Links roundup, 2.12

Sharon Marshall reflects on the struggle to find the proper place for technology in the university.

Here is a 1994 Today Show clip where Gumble and Couric are perplexed by new technology, expressing all kinds of confusion over what the “@” stands for and ultimately asking “what is an internet anyway?” This will seem comical to students, but I certainly remember being similarly dumbfounded.

In the least surprising report ever, social scientists “discover” a “statistically impossible” lack of diversity of ideas (particularly political) among social scientists in academia.

Parents, “be not afraid!” David Mills on anxious “helicopter parents” and letting your kids bleed.

In the wake of some disturbing abortion statistics (41% of all pregnancies in NYC end in abortion, for African-Americans in NYC the number is a shocking 74%), the Main Street column in the Wall Street Journal asks us to put aside the politics of Roe and wonder “what kind of America might we have if all pregnant women—especially black and Hispanic women who are disproportionately aborting—could feel from society welcome and encouragement?”

The pro-life group Live Action has made some waves of late with their undercover videos of Planned Parenthood clinics. (In this one, PP workers turn a blind eye – and in fact agree to help cover up – sexual trafficking of children, and there are 3 or 4 other similar videos from other clinics). But the tactics have been controversial. The tactics may serve some good, for instance these videos may help end the era of taxpayer subsidies of PP. But noted Catholic moral theologian Germain Grisez (a luminary in the area of natural law) argues that “Catholics should regard such activity as morally and legally unacceptable”.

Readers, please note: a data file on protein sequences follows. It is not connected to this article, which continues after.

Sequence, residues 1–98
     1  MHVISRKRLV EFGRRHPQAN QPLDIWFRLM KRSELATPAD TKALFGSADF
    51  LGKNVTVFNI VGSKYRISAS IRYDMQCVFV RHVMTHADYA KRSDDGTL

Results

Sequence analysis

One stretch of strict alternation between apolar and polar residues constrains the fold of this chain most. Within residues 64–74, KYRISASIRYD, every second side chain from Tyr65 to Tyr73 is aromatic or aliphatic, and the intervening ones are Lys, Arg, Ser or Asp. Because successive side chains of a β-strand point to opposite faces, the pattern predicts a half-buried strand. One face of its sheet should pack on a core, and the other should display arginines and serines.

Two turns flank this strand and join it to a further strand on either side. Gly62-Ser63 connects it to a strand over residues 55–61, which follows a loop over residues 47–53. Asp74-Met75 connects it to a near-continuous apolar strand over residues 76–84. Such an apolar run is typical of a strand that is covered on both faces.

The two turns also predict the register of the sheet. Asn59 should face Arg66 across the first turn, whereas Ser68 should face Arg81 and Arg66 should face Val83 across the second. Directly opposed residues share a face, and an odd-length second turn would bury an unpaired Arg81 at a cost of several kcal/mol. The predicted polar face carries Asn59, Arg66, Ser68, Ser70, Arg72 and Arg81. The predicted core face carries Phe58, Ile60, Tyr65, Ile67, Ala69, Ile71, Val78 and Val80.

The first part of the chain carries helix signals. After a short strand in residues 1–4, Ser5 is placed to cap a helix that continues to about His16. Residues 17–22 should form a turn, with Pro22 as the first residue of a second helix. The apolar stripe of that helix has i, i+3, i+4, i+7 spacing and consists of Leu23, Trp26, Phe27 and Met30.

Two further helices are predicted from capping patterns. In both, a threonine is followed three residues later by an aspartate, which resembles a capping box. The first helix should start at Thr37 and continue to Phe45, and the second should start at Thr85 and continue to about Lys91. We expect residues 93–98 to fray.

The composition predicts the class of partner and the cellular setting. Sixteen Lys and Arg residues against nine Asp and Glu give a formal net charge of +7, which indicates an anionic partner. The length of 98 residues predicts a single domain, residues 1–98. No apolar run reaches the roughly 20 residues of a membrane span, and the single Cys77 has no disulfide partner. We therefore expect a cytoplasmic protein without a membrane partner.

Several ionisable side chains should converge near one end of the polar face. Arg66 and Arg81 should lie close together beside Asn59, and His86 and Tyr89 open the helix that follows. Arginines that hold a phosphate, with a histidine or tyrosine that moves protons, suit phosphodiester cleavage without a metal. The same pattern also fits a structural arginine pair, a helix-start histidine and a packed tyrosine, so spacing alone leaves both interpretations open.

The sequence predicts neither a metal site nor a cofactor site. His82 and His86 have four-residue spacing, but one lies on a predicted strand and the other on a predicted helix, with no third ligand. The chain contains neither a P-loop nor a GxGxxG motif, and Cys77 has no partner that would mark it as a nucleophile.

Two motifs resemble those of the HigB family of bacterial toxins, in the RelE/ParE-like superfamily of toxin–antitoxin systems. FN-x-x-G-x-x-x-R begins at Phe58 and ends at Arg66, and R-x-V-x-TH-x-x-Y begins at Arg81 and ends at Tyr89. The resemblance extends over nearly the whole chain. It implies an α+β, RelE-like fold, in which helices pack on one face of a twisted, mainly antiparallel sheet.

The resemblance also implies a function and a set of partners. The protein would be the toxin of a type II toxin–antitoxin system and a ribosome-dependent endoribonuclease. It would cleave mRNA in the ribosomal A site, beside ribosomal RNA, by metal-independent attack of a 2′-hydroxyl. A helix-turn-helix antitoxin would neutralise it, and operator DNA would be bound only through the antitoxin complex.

Wouldn’t it make more sense to study Chinese or Arabic? Why study Biblical languages?

Classicist Victor David Hanson argues that the liberal arts are as necessary as ever in this technological age.

Here is a report which seeks to quantify religious affiliation across the globe. Contrary to reports I often hear from atheists, this report suggests that the number of atheists is falling. Christianity is static or waning in the West, but experiencing explosive growth in Africa.

Another great Fr. Robert Barron video, this one on “What Christians mean by God”.

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About Kleiner

Assistant Professor of Philosophy at Utah State University. I teach across the curriculum, but am most interested in continental philosophy, ancient and medieval philosophy as well as Catholic thought, all of which might be summed up as an interest in the ressourcement tradition (returning in order to make progress). I also enjoy spending time thinking about liberal education and its ends.
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